There were no high salaries, first class or charter travel, and the average compensation for the employees was only $33,000. There are not a lot of non-profits with employee costs this low. About the worst thing that could be said of the organization is that both the CEO and the President and one of the 12 Directors are related so there is an inherent conflict of interest, especially when the 990 reports that potential conflicts of interest are resolved by the President and the Chairman of the Board.

The bottom line is that the organization spent $46 out of every $100 in cash revenue in 2017 (primarily for staff, office, and support functions), $31 out of every $100 in cash revenue on cash grants, leaving $23 out of every $100 in cash revenue to the fund balance at year-end.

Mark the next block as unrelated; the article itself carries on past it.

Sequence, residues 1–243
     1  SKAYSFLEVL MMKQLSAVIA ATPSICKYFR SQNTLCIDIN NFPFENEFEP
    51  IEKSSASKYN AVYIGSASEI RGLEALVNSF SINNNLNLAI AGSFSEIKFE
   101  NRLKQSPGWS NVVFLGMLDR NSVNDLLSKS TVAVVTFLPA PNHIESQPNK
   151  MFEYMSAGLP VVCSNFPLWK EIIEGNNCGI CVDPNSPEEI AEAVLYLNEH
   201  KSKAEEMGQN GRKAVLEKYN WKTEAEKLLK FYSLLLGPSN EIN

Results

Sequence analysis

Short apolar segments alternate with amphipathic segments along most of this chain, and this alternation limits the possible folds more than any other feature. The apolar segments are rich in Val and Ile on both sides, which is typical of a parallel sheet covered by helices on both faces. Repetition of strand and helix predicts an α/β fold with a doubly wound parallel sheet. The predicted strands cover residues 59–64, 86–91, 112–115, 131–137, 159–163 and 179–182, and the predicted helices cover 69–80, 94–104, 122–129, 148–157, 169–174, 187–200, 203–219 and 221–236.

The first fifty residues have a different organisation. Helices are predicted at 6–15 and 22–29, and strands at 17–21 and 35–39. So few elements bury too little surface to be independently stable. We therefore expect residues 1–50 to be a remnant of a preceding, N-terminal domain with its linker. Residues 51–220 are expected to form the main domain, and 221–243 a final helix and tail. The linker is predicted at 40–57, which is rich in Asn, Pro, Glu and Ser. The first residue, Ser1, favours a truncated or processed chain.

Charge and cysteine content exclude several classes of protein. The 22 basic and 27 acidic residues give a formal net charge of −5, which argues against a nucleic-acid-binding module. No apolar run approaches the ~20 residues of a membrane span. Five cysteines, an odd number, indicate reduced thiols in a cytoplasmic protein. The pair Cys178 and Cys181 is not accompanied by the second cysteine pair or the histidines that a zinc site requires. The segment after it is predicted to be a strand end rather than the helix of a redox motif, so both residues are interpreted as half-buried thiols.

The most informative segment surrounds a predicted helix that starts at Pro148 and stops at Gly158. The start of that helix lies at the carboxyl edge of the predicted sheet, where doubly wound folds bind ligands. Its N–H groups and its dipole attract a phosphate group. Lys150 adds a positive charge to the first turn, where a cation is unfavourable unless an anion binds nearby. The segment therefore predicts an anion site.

To review the IRS Form 90 (2017), click here.

Leave a Reply

Fill in your details below or click an icon to log in:

WordPress.com Logo

You are commenting using your WordPress.com account. Log Out /  Change )

Google photo

You are commenting using your Google account. Log Out /  Change )

Twitter picture

You are commenting using your Twitter account. Log Out /  Change )

Facebook photo

You are commenting using your Facebook account. Log Out /  Change )

Connecting to %s

Note: HTML is allowed. Your email address will never be published.

Subscribe to comments

This site uses Akismet to reduce spam. Learn how your comment data is processed.

%d bloggers like this: